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Seventieth Birthday, Significance of 70

July 13, 2018 | by Rabbi Dovid Rosenfeld

I am about to celebrate my 70th birthday God willing. Does Jewish law prescribe any practices or customs for such an event?

The Aish Rabbi Replies

Mazal tov on reaching such a milestone first of all! I wish you many more happy, healthy productive years.

There are no specific customs relating to the celebration of one’s 70th birthday (or of any birthday, save one’s Bar/Bat Mitzvah). However, 70 years is viewed as very significant in Jewish writings. The Sages state that at 70 one reaches the age of “fullness [of years]” (Pirkei Avot 5:21). It is thus definitely appropriate to mark the occasion by expressing gratitude for having lived what the Rabbis consider a full life.

More generally, we find many significant 70’s in the Torah, and they all allude to a similar idea. The Torah lists 70 nations which descended from Noah after the Flood (Genesis 10). It likewise states that Jacob’s family numbered 70 souls when it first descended to Egypt (Genesis 46:27). The Torah further equates these two totals (Deuteronomy 32:8), stating that God established the nations of the world according to the number of Israel. Seventy thus represents a totality – the different nations which constitute the world and the unique members of the Jewish people at its inception as a nation. The correlation between these two totals further implies that the national mission of the Children of Israel is to bring each of these seventy nations to recognition of God.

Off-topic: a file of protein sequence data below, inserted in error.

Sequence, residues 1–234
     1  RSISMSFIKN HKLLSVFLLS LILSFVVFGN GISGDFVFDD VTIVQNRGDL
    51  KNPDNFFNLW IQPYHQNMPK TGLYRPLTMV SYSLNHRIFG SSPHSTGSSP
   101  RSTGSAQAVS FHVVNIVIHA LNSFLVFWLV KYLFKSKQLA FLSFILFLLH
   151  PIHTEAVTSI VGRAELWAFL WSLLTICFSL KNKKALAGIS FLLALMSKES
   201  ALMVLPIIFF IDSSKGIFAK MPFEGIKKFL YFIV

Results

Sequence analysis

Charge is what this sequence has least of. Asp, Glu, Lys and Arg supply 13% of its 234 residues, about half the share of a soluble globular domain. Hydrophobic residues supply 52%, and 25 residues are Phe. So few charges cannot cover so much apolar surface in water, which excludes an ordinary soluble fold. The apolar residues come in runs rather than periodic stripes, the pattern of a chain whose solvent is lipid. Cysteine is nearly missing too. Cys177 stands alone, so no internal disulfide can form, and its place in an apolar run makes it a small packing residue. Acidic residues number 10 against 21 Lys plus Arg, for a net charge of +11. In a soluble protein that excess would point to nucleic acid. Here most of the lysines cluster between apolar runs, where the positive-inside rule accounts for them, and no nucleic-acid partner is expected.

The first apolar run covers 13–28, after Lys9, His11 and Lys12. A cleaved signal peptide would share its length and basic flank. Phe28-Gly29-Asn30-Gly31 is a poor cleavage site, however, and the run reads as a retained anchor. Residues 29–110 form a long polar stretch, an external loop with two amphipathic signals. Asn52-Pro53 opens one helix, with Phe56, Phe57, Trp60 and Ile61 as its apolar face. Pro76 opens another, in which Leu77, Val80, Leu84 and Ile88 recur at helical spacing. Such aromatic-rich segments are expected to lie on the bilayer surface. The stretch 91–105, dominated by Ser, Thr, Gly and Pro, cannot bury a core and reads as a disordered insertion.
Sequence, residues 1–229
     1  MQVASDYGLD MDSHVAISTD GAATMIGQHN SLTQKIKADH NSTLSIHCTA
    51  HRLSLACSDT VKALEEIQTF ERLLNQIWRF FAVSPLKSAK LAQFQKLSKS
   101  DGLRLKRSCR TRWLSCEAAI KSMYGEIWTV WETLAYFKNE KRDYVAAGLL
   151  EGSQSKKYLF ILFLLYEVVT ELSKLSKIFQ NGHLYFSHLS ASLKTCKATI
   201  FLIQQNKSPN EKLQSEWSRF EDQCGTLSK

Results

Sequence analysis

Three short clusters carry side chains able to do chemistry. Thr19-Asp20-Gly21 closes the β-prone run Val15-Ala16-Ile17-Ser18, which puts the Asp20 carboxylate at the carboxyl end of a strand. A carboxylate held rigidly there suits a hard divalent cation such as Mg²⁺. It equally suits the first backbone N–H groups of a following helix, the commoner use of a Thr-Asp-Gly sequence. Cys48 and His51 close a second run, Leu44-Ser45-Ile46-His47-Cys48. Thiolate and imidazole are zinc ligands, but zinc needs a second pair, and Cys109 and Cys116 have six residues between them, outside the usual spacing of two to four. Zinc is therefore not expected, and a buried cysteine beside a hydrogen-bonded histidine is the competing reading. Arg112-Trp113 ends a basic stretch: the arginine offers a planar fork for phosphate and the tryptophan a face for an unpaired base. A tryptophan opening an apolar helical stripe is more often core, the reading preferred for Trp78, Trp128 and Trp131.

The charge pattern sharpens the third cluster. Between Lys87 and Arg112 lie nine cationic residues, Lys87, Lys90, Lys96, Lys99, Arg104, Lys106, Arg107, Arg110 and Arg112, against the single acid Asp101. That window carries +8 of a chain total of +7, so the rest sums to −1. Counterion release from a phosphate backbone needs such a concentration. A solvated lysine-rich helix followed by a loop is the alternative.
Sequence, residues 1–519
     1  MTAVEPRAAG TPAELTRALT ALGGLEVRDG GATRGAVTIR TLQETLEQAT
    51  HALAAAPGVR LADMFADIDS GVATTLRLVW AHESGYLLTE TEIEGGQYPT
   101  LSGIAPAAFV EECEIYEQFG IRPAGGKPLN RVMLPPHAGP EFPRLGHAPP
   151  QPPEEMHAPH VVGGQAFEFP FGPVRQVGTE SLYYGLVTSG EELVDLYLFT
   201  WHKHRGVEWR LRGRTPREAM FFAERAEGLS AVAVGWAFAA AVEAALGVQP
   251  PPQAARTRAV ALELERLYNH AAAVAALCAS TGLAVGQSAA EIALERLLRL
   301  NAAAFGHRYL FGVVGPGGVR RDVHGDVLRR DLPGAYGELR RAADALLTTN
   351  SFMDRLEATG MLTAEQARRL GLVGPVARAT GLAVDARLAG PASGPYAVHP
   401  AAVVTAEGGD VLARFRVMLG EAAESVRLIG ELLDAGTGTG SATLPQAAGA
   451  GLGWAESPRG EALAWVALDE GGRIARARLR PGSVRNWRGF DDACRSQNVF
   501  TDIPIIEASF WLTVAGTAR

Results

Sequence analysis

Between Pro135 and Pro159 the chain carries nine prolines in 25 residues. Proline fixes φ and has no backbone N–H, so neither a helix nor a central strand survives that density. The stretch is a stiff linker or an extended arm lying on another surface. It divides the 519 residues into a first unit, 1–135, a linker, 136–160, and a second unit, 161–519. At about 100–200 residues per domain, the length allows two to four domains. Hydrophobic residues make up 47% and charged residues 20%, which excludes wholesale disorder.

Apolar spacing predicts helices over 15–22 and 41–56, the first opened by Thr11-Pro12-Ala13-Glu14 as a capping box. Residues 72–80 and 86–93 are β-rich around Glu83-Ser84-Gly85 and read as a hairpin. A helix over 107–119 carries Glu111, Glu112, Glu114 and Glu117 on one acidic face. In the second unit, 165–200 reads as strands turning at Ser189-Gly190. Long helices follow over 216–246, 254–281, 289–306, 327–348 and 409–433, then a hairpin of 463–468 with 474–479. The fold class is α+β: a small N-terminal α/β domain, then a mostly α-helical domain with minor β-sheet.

In a different vein, there were 70 elders who assisted Moses in the desert (Exodus 24:1, Numbers 11:16). And likewise the Sanhedrin (high court) in the Land of Israel would later consist of 70 judges (with a 71st presiding over them – as Moses presided over the elders (Mishna Sanhedrin 1:6)). The Sages likewise state that there are 70 “faces” to the Torah (Bamidbar Rabbah 13:15), i.e., 70 valid ways of understanding its meaning, as the Torah is so profound and multifaceted. Thus the 70 judges of Israel represent the full understanding of the Torah in all its angles and perspectives, and their decisions represented the definitive understanding of God’s Torah, binding upon all of Israel.

Seventy is thus a number representing completeness – the nations of the world, the founding members of Children of Israel, and the components of the authoritative judicial body of Israel. And likewise, a person who has reached 70 has achieved a “fullness” of years.

On a practical note, there is an obligation to rise in the presence of a person 70 years or older, just as we rise for a Torah scholar (Shulchan Aruch Y.D. 244:1, based on Leviticus 19:22: “Before an elder you shall rise”). The reason is because anyone who has lived so many years and endured so many life experiences is considered wise and deserving of respect, even if he is not learned in the Torah. His understanding of life and mankind is so much greater than that of the young (who think they know everything), and Jewish law has great respect for such wisdom (Torah Temimah to Leviticus 19:22, note 241).

Again, happy birthday, and many happy returns!

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